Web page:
In his novel The Idiot, (1869), the fictional character of Prince Myshkin is depicted as being stunned by the majesty and mechanical complexity of the Crystal Palace in London. Myshkin sees the Crystal Palace as the peak of human achievement, and he is excited by the potential of technology and science to change the world.
The Crystal Palace Site Today
The Crystal Palace site is still a significant cultural and recreational destination in London, drawing people from all over to enjoy its museums, parks, and other attractions. Today, the Crystal Palace site is mostly a neighborhood park called Crystal Palace Park. It features a variety of leisure amenities such as playgrounds, sports fields, and a maze. The park also has an array of attractions and monuments commemorating the Crystal Palace’s past, including the original fountains and terraces, the famed sphinxes, and a collection of sculptures and statues.
Crystal Palace Bowl (2010); Crystal Palace Bowl by Malc McDonald, CC BY-SA 2.0, via Wikimedia Commons
The park also houses a variety of cultural organizations, including the Crystal Palace Park Farm and the Crystal Palace Museum, in addition to recreational amenities. The museum includes a collection of relics and memorabilia relating to the Crystal Palace’s past, while the farm allows visitors to engage with farm animals while learning about animal husbandry and agriculture.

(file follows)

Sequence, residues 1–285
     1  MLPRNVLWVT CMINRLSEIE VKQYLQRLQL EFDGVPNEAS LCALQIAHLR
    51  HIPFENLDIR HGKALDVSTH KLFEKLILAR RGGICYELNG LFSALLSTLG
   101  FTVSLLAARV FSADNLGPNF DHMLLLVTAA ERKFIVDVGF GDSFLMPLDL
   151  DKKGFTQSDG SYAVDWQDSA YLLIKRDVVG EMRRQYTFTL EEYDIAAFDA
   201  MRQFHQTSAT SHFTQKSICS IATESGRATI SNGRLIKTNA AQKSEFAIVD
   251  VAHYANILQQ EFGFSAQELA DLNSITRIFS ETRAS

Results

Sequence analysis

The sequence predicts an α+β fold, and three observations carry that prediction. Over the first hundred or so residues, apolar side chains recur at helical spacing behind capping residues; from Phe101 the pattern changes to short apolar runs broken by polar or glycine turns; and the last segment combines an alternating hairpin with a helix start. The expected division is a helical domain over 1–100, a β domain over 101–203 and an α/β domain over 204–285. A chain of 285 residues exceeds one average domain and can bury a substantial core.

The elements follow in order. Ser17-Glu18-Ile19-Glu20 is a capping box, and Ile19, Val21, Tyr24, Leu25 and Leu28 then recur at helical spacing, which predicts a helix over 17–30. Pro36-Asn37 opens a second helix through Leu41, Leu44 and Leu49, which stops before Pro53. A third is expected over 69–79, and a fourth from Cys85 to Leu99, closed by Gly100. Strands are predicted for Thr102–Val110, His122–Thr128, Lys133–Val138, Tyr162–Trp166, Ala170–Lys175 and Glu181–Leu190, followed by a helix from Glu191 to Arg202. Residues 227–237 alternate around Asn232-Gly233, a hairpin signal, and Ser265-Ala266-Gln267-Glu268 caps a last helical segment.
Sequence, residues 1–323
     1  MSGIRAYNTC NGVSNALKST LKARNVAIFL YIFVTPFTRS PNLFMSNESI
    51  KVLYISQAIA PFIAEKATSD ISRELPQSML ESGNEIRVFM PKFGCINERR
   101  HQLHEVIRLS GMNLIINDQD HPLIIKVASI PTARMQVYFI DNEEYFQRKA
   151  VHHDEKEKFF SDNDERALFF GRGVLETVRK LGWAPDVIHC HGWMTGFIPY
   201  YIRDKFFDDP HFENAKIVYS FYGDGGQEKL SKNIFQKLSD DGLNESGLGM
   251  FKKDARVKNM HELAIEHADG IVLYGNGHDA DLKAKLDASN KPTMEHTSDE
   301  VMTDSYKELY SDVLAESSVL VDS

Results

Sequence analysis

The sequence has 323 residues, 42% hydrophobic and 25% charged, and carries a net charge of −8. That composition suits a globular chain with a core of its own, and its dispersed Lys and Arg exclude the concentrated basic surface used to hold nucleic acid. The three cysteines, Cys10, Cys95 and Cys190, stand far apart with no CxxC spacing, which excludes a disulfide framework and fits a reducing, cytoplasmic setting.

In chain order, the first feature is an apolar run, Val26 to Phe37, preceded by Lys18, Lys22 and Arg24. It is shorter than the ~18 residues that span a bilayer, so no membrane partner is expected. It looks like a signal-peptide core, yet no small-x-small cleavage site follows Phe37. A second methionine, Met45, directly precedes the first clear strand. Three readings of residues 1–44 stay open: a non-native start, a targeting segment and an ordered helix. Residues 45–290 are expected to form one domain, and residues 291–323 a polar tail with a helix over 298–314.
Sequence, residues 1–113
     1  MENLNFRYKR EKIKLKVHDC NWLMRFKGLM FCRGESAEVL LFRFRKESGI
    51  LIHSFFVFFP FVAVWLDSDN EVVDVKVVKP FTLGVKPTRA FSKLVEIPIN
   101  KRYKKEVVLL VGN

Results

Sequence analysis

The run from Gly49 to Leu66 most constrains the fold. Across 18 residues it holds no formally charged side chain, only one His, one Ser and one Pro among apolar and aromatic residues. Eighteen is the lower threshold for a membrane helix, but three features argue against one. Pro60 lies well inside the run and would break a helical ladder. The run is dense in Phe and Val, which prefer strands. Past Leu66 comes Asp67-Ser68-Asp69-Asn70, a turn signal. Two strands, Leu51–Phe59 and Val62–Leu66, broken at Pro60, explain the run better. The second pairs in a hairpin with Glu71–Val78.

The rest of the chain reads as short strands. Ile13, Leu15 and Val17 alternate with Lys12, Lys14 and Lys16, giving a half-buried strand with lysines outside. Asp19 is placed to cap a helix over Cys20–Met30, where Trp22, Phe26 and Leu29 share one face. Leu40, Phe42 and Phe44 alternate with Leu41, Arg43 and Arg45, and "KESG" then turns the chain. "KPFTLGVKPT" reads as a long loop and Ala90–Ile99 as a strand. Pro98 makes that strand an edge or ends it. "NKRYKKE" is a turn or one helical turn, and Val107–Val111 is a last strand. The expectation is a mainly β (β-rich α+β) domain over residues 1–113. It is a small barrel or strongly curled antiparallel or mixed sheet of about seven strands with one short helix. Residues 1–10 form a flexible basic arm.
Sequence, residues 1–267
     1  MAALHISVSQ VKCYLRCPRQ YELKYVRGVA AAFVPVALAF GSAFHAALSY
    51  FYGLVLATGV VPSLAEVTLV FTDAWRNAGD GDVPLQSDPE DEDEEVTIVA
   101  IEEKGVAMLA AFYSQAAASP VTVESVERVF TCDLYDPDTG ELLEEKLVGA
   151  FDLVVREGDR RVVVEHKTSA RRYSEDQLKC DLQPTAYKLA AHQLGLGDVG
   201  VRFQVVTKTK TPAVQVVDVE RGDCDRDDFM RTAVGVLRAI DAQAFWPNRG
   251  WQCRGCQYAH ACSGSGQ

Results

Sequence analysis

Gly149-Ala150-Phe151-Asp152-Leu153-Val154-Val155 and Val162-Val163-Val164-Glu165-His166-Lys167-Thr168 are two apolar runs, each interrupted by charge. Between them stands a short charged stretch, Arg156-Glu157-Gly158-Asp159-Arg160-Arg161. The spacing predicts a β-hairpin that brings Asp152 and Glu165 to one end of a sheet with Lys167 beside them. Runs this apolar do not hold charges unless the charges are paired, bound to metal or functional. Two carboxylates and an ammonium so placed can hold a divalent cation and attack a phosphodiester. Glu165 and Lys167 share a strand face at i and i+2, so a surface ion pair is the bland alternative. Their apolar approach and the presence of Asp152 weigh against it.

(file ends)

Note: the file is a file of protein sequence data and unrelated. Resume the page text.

That concludes this article on the Crystal Palace building in London. Originally designed and constructed to house the 1851 Great Exhibition, it was a temporary site for the building, which was subsequently moved to Sydenham Hill. There, it was the sire of many more exhibitions, plays, and other forms of entertainment until it eventually fell into repair. Despite efforts to fix up the building, it was eventually ravaged by a fire in 1936. However, the site is still home to several institutions today and has had a significant impact on society.
Frequently Asked Questions
What Happened to the Crystal Palace Building in London?
The original Crystal Palace was built in Hyde Park. This was only meant to be a temporary site, though, and it was then moved to Sydenham Hill. After being relocated to Sydenham Hill, the Crystal Palace remained a famous tourist and cultural attraction for many years. To accommodate the increased number of tourists, the structure was enlarged and restored, with additional wings and amenities added. The Crystal Palace continued to host a diverse range of exhibitions, events, and performances during its time at Sydenham Hill. It was also the scene of significant scientific and technical breakthroughs. A terrible fire engulfed the Crystal Palace in 1936, destroying the structure and most of its contents. It was witnessed by thousands of people and regarded as the end of an era.
Who Designed the Crystal Palace?
Joseph Paxton, an English landscaper, designed the Crystal Palace building. Paxton’s Crystal Palace architecture was well-lauded for its creative use of materials and graceful simplicity. The Crystal Palace building in London eventually became a symbol of Victorian architecture, and it helped to establish a new standard for exhibition space construction and design in the country and abroad. Paxton’s success with the Crystal Palace further contributed to his reputation as a renowned architect.